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Doomsday
Genre Sci-Fi
Year: 2008
 
Review:

Doomsday is a cannibalistic film, which feeds on classic action/sci-fi/thrillers from the ’80s and ’90s. Neil Marshall must’ve been inspired by Escape from New York, Mad Max, Highlander, Aliens and 28 Days Later… when he wrote the script for Doomsday. It’s one of those movies that keeps reinventing itself, and the mish-mash of genre in Doomsday is stylish and trashy. Rhona Mitra leads the tirade as Major Eden Sinclair, who’s like Milla Jovovich’s Alice meets Angelina Jolie’s Tomb Raider. She’s the sultry vixen from Boston Legal, and her lead role in Doomsday shows promise. This British production is refreshingly different from the usual humdrum, bar Shaun of the Dead, Hot Fuzz, Severance and several other benders. Blood, cannibalism, flesh-eating disease, quarantine and plenty of severed heads are the currency. However, this isn’t what you’d expect. If you’re thinking zombie movie, you’re wrong… Doomsday does set the audience up for something like 28 Days Later… but kicks the audience in the teeth with its gothic Mad Max turn Highlander fiasco.

The production has flair, but its all been done before. There’s very little originality to speak of, besides some clever tweaks and quirks that could’ve been an afterthought. The film’s magpie approach keeps it churning genre after genre and this keeps the violent blend of action trash entertaining. The script isn’t all that sharp, but Marshall is more about action, brutality and visuals than being a wordsmith. Doomsday is set in Great Britain, with Scotland quarantined by a 30ft wall with surveillance. The Reaper virus has infected the nation and they have been left to rot as a measure to keep the virus from spreading. When top intelligence agents receive satellite reports of human life within the perimeter, a rescue team is dispatched to find a cure. However, their mission never anticipated so much hostility and resilience.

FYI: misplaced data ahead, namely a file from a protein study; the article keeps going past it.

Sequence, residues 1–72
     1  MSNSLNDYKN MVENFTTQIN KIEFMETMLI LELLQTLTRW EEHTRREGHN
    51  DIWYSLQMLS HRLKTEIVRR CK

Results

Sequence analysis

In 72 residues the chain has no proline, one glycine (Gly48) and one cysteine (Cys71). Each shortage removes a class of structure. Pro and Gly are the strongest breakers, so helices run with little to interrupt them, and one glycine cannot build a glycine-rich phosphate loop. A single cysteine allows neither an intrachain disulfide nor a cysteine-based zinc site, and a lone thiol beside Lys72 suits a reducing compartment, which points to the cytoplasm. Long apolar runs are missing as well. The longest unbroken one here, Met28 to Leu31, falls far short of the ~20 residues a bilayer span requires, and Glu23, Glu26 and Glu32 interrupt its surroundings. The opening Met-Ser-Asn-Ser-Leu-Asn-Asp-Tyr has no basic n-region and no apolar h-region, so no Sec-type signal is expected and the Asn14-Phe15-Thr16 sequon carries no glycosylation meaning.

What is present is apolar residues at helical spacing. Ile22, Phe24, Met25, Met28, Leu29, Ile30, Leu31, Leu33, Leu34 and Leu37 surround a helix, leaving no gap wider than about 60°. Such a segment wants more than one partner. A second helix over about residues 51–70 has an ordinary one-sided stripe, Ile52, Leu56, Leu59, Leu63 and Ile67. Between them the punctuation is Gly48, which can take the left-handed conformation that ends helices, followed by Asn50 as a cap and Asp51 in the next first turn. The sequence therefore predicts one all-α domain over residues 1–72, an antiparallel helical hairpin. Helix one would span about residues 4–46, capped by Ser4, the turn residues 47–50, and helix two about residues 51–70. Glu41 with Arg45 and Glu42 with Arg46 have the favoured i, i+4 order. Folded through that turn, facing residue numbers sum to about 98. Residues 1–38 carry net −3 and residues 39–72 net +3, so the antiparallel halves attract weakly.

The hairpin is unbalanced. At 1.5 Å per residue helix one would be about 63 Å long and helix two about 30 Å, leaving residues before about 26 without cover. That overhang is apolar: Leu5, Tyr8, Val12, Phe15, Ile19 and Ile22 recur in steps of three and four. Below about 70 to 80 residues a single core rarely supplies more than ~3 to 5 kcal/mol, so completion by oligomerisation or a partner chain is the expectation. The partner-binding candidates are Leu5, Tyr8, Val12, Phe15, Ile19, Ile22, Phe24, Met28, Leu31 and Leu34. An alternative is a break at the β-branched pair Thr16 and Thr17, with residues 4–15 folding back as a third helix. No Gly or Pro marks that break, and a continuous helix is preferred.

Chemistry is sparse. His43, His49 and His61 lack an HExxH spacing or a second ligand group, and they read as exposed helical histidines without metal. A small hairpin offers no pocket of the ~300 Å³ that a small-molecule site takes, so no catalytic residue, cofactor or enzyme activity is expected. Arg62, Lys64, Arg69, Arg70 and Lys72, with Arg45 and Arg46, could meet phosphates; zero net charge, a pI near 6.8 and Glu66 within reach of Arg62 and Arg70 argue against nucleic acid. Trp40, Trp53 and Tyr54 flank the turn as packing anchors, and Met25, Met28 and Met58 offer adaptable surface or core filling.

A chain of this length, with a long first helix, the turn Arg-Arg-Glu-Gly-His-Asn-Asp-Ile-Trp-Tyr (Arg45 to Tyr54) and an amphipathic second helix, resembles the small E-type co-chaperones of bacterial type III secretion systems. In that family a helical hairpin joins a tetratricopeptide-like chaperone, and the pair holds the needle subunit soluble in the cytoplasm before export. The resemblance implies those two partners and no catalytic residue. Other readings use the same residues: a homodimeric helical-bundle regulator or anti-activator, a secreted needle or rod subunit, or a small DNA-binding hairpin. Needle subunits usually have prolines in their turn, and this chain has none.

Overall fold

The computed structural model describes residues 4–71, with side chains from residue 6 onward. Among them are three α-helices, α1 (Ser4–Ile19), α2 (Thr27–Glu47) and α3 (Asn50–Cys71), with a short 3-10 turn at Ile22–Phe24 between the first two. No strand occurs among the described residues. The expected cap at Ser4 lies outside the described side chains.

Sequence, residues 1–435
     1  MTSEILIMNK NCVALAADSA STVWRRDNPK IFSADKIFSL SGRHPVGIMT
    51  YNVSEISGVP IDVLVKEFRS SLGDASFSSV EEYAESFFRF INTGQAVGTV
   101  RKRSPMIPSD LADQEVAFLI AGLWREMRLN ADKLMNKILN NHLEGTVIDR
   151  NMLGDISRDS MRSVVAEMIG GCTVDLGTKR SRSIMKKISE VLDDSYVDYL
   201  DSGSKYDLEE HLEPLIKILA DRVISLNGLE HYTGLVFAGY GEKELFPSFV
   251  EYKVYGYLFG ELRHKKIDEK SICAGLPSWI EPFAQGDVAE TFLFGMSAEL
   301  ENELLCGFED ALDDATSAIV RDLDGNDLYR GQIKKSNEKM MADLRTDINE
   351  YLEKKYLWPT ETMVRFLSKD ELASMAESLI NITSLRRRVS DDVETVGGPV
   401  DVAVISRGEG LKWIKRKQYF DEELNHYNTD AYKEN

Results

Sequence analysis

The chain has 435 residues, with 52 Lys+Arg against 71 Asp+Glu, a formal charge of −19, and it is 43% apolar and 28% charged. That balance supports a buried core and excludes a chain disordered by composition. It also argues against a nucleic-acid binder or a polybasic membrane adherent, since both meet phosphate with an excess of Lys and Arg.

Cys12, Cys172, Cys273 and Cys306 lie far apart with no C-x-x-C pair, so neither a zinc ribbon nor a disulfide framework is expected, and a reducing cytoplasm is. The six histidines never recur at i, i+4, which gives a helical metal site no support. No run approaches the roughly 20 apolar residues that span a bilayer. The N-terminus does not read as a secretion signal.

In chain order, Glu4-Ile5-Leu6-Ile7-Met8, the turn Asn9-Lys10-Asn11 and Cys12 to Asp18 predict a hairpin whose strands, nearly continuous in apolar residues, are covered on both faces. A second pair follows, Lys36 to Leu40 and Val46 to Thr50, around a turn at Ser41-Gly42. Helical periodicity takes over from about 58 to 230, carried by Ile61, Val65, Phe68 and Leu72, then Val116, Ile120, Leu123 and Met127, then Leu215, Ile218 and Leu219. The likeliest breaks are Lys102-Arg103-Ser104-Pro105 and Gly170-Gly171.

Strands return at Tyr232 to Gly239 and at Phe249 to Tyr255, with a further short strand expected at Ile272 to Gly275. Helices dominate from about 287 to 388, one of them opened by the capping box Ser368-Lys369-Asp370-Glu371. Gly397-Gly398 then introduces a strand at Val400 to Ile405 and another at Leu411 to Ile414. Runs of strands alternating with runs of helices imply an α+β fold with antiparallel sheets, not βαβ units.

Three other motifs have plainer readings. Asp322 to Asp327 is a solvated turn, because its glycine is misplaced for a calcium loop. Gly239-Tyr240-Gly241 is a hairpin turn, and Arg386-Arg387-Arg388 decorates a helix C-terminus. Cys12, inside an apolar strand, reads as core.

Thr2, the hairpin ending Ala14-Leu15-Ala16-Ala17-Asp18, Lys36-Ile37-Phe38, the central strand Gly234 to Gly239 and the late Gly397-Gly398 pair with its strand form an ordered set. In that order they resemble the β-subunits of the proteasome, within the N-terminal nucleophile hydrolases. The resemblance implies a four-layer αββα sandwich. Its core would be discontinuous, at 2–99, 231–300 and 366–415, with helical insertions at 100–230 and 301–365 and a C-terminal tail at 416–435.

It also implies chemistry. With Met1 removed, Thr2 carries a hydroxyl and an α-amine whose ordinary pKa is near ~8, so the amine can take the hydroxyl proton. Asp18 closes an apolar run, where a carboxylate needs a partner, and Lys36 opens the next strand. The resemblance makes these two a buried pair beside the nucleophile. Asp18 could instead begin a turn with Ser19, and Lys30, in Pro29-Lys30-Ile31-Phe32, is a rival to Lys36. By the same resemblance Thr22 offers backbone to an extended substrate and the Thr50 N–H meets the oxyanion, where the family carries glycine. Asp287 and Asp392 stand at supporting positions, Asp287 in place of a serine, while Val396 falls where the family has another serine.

Mitra’s performance is adequate as a heroine torn between duty and personal agenda. An Angelina Jolie would’ve drawn more attention, but she stands up to the task. Her support comes in the form of Bob Hoskins, Adrian Lester and Malcolm MacDowell. Hoskins adds points to the dramatic credibility, Lester (Hustle) doubles for Mitra and MacDowell gives Doomsday cult/B-movie status. The film was predominantly shot in South Africa, and as a result the movie features several recognisable faces in Cokey Falkow as Captain Hendrix and Lee-Anne Liebenberg as Viper, with a host of South African extras. Doomsday has the same trashy entertainment feel as Death Race (2008), which unashamedly “borrows” styles and themes from better films. The plot may not make too much sense, the performances may not be in contention of any awards, but the stylised rush of blood, bullets and genres is pure popcorn entertaining. One could ever say that Neil Marshall is the British equivalent of Paul W.S. Anderson with Dog Soldiers and The Descent to his name.

The bottom line: Trashy.

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